Skip to main content

History of the Wawona Road (Yosemite National Park)

Recently I located a portion of the Old Wawona Road that was the original alignment used by wagons and early cars to get to Yosemite Valley from the south before the Wawona Tunnel was built.  Locating the Old Wawona Road was the primary driving force to head to a very dry Yosemite National Park this winter.






Generally I don't talk about the history of a route first, but in the case of the Wawona Road I thought it was particularly important to do so first.  The modern Wawona Road is approximately 28 miles in length from the north terminus of California State Route 41 at the boundary of Yosemite National Park to South Side Drive near Bridalveil Falls in Yosemite Valley.  A good chunk of people entering Yosemite Valley use the Wawona Road which generally is considered to be the easiest route...that certainly was not always the case.

The origins of the Wawona Road are tied to the Wawona Hotel.  The first structure in the Wawona Hotel complex dates back to 1876 which was built by the Washburn Brothers.  At the time the Wawona Hotel was built to take advantage of tourism to the nearby Mariposa Grove.  The name Wawona apparently comes from a similar Mono Tribal word describing a Redwood Sequoia Tree.

Despite only being less than 30 miles south of Yosemite Valley the Wawona Hotel was essentially a several day trip by foot through the wilderness.  The Wawona Hotel was becoming popular and interest in a stage road north to Yosemite Valley was becoming a viable concept.  Thus, the Yosemite Stage and Turnpike Company was founded in 1882 to facilitate stage route travel from the Wawona Hotel to Yosemite Valley.  I found these two articles incredibly useful in terms of tracking down the early history of the Wawona Road.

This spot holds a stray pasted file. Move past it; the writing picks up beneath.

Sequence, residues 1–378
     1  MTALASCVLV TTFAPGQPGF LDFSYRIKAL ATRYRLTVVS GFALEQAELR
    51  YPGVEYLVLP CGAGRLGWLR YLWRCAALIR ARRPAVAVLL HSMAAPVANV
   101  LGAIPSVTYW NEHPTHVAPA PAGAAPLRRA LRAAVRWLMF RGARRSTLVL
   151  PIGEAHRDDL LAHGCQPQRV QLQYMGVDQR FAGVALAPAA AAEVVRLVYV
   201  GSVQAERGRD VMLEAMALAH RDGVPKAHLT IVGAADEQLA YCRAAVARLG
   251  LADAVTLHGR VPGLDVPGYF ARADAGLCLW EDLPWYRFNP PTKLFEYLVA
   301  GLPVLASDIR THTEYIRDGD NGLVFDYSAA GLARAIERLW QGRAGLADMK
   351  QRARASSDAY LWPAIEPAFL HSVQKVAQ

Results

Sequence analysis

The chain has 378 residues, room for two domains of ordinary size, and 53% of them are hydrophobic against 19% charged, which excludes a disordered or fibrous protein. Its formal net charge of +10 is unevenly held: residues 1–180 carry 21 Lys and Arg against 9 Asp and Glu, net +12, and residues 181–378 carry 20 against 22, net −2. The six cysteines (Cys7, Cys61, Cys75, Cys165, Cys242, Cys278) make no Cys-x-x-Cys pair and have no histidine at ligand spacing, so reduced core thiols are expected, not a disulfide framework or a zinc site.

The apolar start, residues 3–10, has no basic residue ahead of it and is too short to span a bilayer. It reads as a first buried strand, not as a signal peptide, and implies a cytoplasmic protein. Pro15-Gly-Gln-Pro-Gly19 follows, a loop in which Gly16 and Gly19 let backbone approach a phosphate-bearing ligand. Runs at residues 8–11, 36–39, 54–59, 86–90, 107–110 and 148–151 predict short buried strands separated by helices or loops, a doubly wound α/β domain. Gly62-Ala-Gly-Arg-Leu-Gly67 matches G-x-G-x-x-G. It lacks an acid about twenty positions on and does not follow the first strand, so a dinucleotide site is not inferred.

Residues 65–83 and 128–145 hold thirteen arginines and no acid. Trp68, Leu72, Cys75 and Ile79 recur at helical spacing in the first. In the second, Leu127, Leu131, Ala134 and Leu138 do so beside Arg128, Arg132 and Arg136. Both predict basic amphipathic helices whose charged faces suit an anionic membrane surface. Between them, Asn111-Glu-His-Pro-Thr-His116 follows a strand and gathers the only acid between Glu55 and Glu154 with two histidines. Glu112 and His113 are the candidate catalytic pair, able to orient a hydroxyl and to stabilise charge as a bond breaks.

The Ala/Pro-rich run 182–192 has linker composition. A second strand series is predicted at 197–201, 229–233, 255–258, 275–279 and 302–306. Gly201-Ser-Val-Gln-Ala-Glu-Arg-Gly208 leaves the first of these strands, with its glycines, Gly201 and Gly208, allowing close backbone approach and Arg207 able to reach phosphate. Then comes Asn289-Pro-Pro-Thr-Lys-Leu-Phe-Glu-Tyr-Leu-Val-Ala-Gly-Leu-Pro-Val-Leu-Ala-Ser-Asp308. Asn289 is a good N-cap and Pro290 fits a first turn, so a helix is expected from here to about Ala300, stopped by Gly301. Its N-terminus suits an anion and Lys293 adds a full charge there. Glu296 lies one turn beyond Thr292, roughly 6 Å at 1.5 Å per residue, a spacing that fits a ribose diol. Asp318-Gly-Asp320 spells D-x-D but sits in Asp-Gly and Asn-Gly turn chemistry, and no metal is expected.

Undiscovered Yosemite on the history of Wawona

yosemite.ca on Wawona Stages

This 1883 Topo Map shows the early Wawona Road which apparently was once called "Madera or Merced Big Trees & Yosemite Road."

1883 Topographical Map of Yosemite

This 1885 map from the Yosemite Stage and Turnpike Company shows the entirety of the Yosemite Road to Wawona from Raymond and the full stage route north from the Wawona Hotel to Yosemite Valley.

1885 Yosemite Stage and Turnpike Company Map

Interestingly it appears that the Yosemite Road north out of Raymond had two branches that split at Ahwahnee.  The railroad that serviced Raymond was a Southern Pacific line out of Madera and was still present on the 1935 California Division of Highways Map of Madera County.